The Ultimate Walking Around Money
Being someone who has taken an unnatural interest in Stimulus-funded sidewalks, I searched the report, and sure enough found this:
10. Town Replaces New Sidewalks With Newer Sidewalks That Lead to Ditch (Boynton, OK) – $89,298
“People around Boynton, Oklahoma were left scratching their heads after the town was awarded nearly $90,00096 to replace a quarter-mile stretch of sidewalk that was replaced only five years ago.
One longtime resident of Boynton, Ray Allen, said the project “had been the talk of the town recently, and none of it positive,” because it is “100 percent a waste of money.” Another resident, Mike Lance, noted that “the best indication of the absurdity of the project is what the contractor did with a section of sidewalk at the north end of town – one that fronts no homes or businesses, and leads directly into a ditch.” Officials with the Oklahoma Department of Transportation defended the project as necessary to bring the sidewalk into conformity with federal guidelines.”
The Boynton, OK sidewalks remind me of the miles of sidewalks to nowhere in Warren and Woonsocket, Rhode Island, about which I have posted previously.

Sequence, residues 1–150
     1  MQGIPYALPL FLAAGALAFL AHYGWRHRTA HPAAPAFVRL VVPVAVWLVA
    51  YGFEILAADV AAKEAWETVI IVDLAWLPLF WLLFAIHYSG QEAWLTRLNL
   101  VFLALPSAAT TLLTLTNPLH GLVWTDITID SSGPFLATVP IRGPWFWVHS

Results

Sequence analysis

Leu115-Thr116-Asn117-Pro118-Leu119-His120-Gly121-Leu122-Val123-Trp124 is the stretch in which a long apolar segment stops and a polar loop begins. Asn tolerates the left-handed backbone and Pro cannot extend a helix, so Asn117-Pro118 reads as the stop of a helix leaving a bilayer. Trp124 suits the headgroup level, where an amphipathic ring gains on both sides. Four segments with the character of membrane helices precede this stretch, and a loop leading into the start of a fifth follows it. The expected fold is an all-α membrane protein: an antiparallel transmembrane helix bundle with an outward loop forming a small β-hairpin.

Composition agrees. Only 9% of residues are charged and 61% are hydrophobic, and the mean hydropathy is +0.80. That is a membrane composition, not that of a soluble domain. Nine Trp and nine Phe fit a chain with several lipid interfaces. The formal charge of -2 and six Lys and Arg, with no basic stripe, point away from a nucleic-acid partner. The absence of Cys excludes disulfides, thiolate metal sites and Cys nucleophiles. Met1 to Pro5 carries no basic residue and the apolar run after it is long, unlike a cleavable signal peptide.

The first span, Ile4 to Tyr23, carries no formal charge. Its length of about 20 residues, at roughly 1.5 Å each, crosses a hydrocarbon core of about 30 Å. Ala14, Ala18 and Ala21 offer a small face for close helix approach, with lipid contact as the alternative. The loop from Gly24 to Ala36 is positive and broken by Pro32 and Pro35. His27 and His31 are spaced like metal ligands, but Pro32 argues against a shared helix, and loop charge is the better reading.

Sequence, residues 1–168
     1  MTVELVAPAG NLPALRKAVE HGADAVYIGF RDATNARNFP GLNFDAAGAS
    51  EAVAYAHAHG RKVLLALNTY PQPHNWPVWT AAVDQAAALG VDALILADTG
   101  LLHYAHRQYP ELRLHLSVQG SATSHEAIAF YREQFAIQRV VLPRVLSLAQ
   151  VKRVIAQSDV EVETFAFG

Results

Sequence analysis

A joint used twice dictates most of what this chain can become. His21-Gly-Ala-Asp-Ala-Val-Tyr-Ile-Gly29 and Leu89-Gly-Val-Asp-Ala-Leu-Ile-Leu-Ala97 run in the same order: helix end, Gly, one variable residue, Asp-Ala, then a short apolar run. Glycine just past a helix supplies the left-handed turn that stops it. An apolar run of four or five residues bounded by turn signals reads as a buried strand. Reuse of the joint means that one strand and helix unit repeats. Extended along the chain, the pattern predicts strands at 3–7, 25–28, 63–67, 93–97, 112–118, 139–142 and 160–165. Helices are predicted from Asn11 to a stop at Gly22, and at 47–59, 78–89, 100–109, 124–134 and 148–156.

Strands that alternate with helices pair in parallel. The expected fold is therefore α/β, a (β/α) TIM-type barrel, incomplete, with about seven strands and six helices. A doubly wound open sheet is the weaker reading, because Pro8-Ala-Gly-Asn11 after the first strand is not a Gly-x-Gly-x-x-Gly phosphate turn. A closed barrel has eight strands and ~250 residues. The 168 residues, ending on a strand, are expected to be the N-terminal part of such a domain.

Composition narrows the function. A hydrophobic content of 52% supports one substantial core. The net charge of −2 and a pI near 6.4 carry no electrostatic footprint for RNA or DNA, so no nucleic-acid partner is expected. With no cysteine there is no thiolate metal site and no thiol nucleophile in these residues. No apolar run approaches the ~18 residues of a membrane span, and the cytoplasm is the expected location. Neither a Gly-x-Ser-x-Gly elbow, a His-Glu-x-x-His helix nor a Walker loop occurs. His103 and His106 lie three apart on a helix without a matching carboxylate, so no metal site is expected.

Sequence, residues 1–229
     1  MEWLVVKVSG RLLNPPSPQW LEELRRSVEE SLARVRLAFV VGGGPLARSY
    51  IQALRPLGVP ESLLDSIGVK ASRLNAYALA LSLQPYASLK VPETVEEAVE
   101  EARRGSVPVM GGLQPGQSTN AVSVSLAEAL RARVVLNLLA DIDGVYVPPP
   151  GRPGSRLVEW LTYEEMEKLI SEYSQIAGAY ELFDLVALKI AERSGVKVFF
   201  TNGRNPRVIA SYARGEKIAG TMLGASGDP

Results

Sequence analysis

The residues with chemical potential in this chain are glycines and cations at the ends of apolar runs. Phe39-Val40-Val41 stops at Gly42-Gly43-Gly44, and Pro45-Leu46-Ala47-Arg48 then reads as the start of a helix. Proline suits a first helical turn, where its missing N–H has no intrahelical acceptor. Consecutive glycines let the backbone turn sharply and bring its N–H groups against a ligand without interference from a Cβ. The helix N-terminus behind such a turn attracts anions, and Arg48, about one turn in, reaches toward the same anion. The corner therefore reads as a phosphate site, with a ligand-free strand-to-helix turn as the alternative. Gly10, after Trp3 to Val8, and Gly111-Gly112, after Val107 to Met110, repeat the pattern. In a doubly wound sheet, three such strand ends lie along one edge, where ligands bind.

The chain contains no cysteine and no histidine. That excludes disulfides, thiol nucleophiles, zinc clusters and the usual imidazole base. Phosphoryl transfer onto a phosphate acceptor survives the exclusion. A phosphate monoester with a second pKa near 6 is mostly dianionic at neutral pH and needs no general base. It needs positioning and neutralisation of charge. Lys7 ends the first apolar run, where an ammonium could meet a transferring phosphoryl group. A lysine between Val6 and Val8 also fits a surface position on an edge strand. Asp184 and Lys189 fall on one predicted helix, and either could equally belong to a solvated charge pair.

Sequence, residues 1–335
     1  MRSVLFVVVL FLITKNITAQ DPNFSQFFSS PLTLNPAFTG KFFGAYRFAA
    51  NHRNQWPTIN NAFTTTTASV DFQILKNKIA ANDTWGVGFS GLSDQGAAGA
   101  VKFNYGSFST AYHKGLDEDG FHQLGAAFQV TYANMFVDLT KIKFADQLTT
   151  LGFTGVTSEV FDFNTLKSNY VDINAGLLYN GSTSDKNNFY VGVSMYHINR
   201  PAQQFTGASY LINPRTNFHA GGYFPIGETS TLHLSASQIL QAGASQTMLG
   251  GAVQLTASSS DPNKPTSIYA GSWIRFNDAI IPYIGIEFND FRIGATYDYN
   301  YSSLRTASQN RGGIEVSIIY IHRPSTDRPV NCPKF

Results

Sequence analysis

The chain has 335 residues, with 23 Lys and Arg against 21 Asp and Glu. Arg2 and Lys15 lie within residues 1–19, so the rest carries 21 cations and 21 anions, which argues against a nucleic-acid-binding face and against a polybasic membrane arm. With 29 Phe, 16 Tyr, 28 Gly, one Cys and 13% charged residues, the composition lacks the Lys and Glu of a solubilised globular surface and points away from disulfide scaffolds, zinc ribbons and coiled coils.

Complaining about sidewalks may seem pedestrian, but there is a larger point.
The Stimulus Plan was — as many of us recognized at the time — just a way to buy votes by rewarding favored political groups. The reason infrastructure figured so large in the Stimulus Plan was that the work almost always is done by union labor. Whether a project really was needed, and whether it should and could have been paid for in the normal course by local government, was secondary.
Funding unnecessary sidewalks to help political allies is the ultimate walking around money.
So We’re Buying A Sidewalk To Heaven
Miles of Sidewalks, and Empty Stores
Cash For Clunkers Rear Ends Rhode Islanders
Donations tax deductible
to the full extent allowed by law.
There are sidewalks in my hometown, still in use, that were poured by the WPA. But those were done partly to teach the young men a marketable skill. And sidewalks at that time (and for 20 years after) were still used to get from one place to another.
Maybe one of the young White House aides read about them in a Wiki and thought it would be a cool and Unprecedented and Historic project?
Does anyone other than the Federal government spend money to build sidewalks any more?
"Complaining about sidewalks may seem pedestrian"
Nice one, Prof.
Fun note: The pinyin for the Chinese word "to walk" is spelled xing, and when my Chinese teacher first came to America, she was very excited because she thought we had pinyin on our crossing signs (X-ING or XING as they sometimes say).
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